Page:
students to have a broad exposure to other disciplines and see
opportunities for collaborative research."
A recent orientation meeting included a workshop where students helped each other refine their abstracts. Additional lunchtime
workshops will be held this month and support is also being offered
via e-mail.
The conference is free of charge, however, registration is
required. For information, e-mail linda.napoleone@ubc.ca. □
-HILARYTHOMSON On an average day, Cecil Green
Park House is home to bright
reception areas and busy university offices. But when the crew of
The Dead Zone rolls in, it
becomes the moody Maine mansion of psychic hero Johnny
Smith.
Based on the characters of a
popular Stephen King novel, The
Dead Zone follows the story of
Smith who, after a tragic car accident, awakens from a coma with
paranormal powers.
The Dead Zone crew films the
outside of Cecil Green Park House
for "establishment shots" of
Johnny Smith's home, and has
special sets constructed for the
interior scenes.
UBC is a regular location for
the USA Network cable series,
which broke rating records with
its June debut to become the top
basic   cable   original   dramatic
series ever.
Cecil Green Park is just one of
many UBC locations used by film
crews. With about 70 days of filming taking place on campus in an
average year, makeup trailers,
catering vans, film crews and
directors' chairs are a common
sight - particularly around Main
Library, the Chan Centre and the
Chemistry Building.
Big-budget feature films Anti-
Trust, Josie and the Pussycats and
Along Came A Spider and popular
television shows Smallville, Dark
Angel and Mysterious Ways have
filmed here - bringing with them
On Location at UBC
Campus popular with filmmakers, by helen lewis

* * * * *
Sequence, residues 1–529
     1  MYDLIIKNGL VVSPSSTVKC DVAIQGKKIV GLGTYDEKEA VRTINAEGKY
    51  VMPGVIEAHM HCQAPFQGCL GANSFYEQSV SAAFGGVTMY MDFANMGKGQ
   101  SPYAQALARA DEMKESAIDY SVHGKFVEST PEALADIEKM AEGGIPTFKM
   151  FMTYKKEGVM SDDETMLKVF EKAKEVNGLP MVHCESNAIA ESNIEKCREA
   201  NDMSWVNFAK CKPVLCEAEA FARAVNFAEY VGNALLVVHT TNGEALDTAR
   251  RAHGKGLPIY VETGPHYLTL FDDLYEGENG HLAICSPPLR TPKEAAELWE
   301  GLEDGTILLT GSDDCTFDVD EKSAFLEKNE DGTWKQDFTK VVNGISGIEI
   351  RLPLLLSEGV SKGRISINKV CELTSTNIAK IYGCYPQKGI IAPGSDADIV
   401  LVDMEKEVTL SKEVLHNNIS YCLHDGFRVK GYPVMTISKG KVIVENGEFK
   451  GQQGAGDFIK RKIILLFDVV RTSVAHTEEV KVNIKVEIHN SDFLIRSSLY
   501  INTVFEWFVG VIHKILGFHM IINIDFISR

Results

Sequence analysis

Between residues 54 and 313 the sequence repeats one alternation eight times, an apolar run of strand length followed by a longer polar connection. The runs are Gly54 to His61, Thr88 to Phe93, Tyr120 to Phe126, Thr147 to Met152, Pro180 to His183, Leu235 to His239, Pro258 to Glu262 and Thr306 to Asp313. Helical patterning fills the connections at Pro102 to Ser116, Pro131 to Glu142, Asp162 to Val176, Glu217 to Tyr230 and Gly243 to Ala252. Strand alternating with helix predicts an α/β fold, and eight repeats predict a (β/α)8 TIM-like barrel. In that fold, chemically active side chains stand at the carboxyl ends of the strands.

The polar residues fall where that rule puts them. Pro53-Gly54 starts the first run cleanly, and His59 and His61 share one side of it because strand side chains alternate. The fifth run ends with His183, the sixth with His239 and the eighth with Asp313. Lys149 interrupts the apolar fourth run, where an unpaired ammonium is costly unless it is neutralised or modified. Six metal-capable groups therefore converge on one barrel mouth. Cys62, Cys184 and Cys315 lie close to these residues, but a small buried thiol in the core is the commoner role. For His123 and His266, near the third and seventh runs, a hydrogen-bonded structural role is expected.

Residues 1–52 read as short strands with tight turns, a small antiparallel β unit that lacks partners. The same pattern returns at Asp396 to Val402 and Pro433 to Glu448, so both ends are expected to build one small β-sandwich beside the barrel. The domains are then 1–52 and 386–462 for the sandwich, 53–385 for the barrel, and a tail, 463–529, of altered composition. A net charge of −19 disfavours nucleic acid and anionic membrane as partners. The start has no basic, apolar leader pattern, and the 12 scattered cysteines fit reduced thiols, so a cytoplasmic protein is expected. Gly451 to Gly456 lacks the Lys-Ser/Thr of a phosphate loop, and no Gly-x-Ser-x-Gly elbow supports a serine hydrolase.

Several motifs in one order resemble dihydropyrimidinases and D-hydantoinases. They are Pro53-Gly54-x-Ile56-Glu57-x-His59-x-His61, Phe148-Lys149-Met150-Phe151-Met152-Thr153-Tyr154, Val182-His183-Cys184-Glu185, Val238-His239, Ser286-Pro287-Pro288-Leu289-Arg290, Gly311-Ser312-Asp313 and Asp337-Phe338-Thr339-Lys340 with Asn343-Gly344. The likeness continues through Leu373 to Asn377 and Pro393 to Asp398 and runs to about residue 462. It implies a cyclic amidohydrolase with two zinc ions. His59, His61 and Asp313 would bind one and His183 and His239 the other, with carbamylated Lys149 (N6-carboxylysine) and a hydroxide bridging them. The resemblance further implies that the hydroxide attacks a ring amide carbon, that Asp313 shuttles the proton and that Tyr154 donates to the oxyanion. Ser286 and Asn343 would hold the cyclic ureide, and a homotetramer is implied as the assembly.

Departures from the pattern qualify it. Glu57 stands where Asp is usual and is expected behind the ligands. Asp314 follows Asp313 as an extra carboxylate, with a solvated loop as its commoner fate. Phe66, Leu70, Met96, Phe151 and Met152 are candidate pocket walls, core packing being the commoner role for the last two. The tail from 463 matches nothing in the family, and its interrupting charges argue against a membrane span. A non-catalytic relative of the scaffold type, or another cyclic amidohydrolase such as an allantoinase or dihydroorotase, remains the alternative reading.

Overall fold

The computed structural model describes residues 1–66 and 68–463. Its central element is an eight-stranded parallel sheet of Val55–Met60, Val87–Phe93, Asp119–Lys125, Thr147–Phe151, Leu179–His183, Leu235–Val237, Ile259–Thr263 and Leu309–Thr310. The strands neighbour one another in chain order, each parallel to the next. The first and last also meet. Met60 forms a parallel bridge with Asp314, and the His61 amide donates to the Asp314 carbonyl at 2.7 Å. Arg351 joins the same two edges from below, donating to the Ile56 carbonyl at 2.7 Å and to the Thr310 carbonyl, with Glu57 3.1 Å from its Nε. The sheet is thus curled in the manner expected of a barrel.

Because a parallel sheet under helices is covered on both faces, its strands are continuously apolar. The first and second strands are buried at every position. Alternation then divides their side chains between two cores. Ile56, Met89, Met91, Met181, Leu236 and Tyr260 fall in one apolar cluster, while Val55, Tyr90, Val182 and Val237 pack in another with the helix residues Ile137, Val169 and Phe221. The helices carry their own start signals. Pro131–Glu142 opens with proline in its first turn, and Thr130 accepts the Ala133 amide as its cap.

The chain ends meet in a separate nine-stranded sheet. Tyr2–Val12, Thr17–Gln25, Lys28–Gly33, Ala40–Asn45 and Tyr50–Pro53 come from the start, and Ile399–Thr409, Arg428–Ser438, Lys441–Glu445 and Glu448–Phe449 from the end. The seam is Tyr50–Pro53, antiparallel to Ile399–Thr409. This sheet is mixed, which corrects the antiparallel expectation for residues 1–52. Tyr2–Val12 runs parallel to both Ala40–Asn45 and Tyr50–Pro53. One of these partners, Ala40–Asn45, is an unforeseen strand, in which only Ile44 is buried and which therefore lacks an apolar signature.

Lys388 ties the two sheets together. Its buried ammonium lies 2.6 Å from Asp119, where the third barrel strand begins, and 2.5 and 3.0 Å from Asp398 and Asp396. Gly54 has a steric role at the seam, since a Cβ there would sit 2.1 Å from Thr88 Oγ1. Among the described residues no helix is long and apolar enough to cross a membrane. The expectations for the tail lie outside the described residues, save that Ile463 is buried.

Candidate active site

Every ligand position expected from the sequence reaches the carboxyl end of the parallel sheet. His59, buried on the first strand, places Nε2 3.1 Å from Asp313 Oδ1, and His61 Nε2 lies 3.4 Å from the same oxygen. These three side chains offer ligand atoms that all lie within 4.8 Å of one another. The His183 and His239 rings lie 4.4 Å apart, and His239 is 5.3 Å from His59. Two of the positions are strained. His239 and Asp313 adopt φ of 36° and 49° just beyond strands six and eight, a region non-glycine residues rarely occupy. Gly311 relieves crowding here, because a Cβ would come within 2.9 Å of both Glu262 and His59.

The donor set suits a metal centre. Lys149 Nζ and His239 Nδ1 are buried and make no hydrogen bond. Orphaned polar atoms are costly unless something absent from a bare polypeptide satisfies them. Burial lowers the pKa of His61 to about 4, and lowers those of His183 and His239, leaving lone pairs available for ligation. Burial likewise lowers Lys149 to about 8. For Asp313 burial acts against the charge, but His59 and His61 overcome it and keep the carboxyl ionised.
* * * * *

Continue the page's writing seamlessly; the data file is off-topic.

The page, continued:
Actors from The Dead Zone
prepare to shoot the "Stillson's
Bible pitch to Vera" scene at
Cecil Green Park House. Anita
Adams (Vera Smith, the hero's
mother), David Coles (young
Papa Stillson), Daniel Best (10-
year-old Greg) and Evans Smith
(9-year-old Johnny, the young
version ofthe central character).
stars like Kristin Kreuk, Rachel
Leigh Cook, Tom Welling, Ryan
Phillippe, Tara Reid, and Claire
Forlani.
In 2001, UBC saw the firming
of eight television series, nine feature films, six movies of the week,
three documentaries, four educational films, five commercials, one
video, one pilot and one minis-
eries.
Commercials filmed on campus
include those for Compaq,
Nescafe, Nintendo, Chase
Manhattan Bank, Mitsubishi,
Sprite and Wal-Mart. Television
series such as Seven Days, These
Arms Of Mine, Higher Ground
and Poltergeist: The Legacy have
also filmed scenes at UBC.
The Dead Zone location manager, Mary Jo Beirnes, said UBC
was "an awesome place to film"
because of its old stone buildings
and beautiful gardens.
Strict guidelines are in place to
ensure filming does not disrupt
university activities, and to preserve UBC's reputation and public
image. □
High-tech Teaching Advice:
Lose the Overheads
Computer presentations bring lessons alive. BY MICHELLE COOK
PatMirenda had no trouble lining
up Dustin Hoffman to help her
teach a course on autism. All it
took to get the actor - who portrayed a man with autism in the
movie Rain Man - to speak to her
students was a click of her computer mouse.
Hoffman, along with well-
known researchers and real-life
people with autism will come to